11 Foolproof Steps To Becoming A Disney World Princess

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How many girls have dreamed of becoming a Disney princess? Probably all of them (and plenty of boys) at some point or another. While you might not ever have a cool animal pal like Rajah or get kissed by Prince Charming, you can play the role of Belle, Jasmine, Ariel, or another Disney leading lady if you head to Orlando, Florida or Anaheim, California.

Disney World and Disneyland hire multiple actresses to play each of the princesses that make children smile on a daily basis. And you can be one of them.

Think you’re fit for a magical world of signing autographs, taking photos, and waving from your float in the parade? Here’s the foolproof guide to becoming a real-life Disney princess straight from the experts’ mouths.

1. Look The Part

Because of sizing (costumes go up to size 10), Disney Fanatic says most hired Disney princesses are between 5’4″ and 5’7.” Obviously it helps if you resemble one or more (some princesses pull double duty) of the Disney leading ladies, but those cast as a princess are supplied with make up and are taught how to apply it properly so all the Snow Whites look the same, all the Belles, and all the Auroras.

2. Nail The Audition

Check out the audition calendar at DisneyAuditions.com under Female Character Look-Alike – that’s where they look for princesses. Girls at the audition are taught a simple dance routine first. If you progress past the dance, you will get a chance to read a script, do some improv, and have an interview. It’s a lengthy process, but Disney casting directors are keen on finding the best girls to fit the roles.

However, even if Elsa is your favorite character in film history and you think you could transform into the Ice Queen, you don’t get a say in what character you play. “You could look exactly like Cinderella, but if they do not need to hire any more Cinderellas, you may not get chosen,” a former cast member tells Mashable.

3. Get Through Training

Princesses go through a five days training session which usually an extensive analysis of the film, your character’s mannerisms and voice inflection, and the standard signature every princess has.

4. Improv Like Tina Fey

Kids are going to ask questions, and you need to know the right answer. If a child asks Rapunzel where Pascal is, she needs to have an answer ready to go.

5. Be A People Person

A former Disney World Belle told Cosmopolitan, “We had to greet 172 guests per hour. Disney decided that was the magic number. An attendant would have a clicker to count the number of people we met, and if we went under, we would get a reprimand. If you get four reprimands, you get fired.”

6. Flash Your Best Smile…

Get those Crest white strips because your pearly whites will always be on display. The Belle actress told Cosmo, “You have to smile for an hour straight; you can’t drop your smile until you go on break and are behind closed doors because Disney doesn’t want any pictures of us not smiling. The first few weeks, my face literally hurt.” Who said being a princess was easy?

7. …Even When Dad Gets Creepy

“I was hit on as Pocahontas more than Mulan or Silvermist, and it definitely has to do with the amount of clothing she’s wearing,” a former Disney princess told Mashable. “I’ve never been touched inappropriately, but there’s always the family that makes the grandpa or the dad get a picture alone and they’d whisper how pretty I was or ask when I got off of work. I’d get slipped the occasional phone number on a napkin, but nothing ridiculous has ever happened.”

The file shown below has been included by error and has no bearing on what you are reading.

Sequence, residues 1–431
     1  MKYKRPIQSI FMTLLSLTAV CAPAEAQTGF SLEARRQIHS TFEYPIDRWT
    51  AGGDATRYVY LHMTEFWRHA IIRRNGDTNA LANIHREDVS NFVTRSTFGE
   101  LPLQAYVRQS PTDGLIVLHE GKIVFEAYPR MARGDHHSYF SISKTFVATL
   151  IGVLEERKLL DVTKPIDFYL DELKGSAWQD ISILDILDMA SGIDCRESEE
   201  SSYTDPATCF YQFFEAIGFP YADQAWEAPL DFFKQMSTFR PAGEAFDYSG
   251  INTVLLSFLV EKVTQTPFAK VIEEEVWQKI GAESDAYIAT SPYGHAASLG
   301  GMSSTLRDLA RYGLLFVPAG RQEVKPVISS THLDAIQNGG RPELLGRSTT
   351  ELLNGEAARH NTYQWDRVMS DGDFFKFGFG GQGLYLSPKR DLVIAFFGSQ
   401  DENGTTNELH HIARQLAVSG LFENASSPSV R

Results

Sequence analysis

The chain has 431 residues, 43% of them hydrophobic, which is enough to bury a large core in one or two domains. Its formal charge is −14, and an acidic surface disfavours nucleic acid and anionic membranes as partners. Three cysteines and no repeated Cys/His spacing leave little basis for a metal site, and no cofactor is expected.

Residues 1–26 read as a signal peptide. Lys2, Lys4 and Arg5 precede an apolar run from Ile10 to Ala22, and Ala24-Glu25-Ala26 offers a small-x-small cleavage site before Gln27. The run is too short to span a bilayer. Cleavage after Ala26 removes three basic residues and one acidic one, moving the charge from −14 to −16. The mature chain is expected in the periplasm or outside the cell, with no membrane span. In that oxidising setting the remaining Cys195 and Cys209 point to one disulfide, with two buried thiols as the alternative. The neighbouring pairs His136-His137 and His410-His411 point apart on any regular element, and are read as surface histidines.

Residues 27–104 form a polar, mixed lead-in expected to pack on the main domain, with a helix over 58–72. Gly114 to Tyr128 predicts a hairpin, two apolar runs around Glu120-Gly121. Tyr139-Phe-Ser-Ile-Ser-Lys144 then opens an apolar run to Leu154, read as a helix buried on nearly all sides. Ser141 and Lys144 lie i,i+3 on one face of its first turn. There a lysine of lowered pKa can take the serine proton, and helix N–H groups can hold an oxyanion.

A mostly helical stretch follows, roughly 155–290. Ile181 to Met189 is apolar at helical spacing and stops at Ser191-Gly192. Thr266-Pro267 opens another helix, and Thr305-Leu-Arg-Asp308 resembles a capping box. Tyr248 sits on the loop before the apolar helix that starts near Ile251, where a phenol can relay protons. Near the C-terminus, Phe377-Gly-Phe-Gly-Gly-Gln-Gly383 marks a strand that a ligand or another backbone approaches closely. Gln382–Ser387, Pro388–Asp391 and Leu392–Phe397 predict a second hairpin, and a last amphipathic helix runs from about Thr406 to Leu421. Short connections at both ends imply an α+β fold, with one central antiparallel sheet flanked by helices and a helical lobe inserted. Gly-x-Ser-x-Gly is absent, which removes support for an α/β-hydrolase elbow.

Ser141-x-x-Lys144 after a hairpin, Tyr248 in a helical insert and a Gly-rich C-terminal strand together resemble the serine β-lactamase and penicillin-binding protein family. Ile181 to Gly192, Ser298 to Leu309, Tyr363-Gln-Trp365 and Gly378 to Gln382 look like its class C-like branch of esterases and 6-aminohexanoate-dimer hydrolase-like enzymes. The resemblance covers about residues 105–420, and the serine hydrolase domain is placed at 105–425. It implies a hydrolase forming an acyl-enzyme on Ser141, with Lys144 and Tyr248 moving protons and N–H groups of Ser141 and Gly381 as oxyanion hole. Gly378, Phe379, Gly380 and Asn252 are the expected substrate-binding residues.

8. Don’t Be Surprised If You Get Shunned By Fellow Workers

Everyone is jealous of the princesses.

“When I worked there, I would go to the cafeteria & people would stare at me and not talk to me. Those people then would tell their friends I didn’t say hi to them & that I wasn’t friendly, but those people didn’t make an effort to talk to me either. That’s how I think the whole “all of the princesses are bitches” thing gets around.”

She needs a break, people!

9. Be Prepared For Harsh Weather Conditions

Florida can either be really hot or really cold, but your costume stays the same.

“I had to stand in a doorway welcoming guests into a restaurant at Epcot in a sleeveless formal dress that was supposed to have a coat that came with it,” a former Belle told Cosmo about a chilly work day in Orlando. “I was freezing and my eyes were watering, but the location managers wouldn’t let me go get my coat. When I went on my break to go pull the coat from the costume department, it was gone. I guess they’d hidden it. I started bawling. I had to take pictures with kids in the freezing cold, crying. Later, I was talking to the photographers, and they told me that that restaurant sold the photos of Belle and the guests for, like, $35 — and when Belle was wearing the coat, they sell 30 percent less pictures.”

10. Keep Your Mouth Shut

Your Disney princess alter-ego has to be a complete secret. According to Disney Fanatic, “While working for the Disney parks, you are not allowed to discuss what character you are portraying. You can’t post about it on social media and you can’t even tell people which character you are. Disney is very strict about that. Very. Princesses also cannot reference anything outside the Disney realm. Ariel cannot say she is friends with Spongebob, for example.”

11. Don’t Expect To Find Prince Charming

Sorry, princess. This is a job, not Match.com…unless you’re playing a prince.

Our retired Belle told Cosmo, “We weren’t finding romance at work, because most of the guys were gay. I don’t remember any specific gay romances, but I’m sure there were. Prince Charming might have been hooking up with Prince Eric.”

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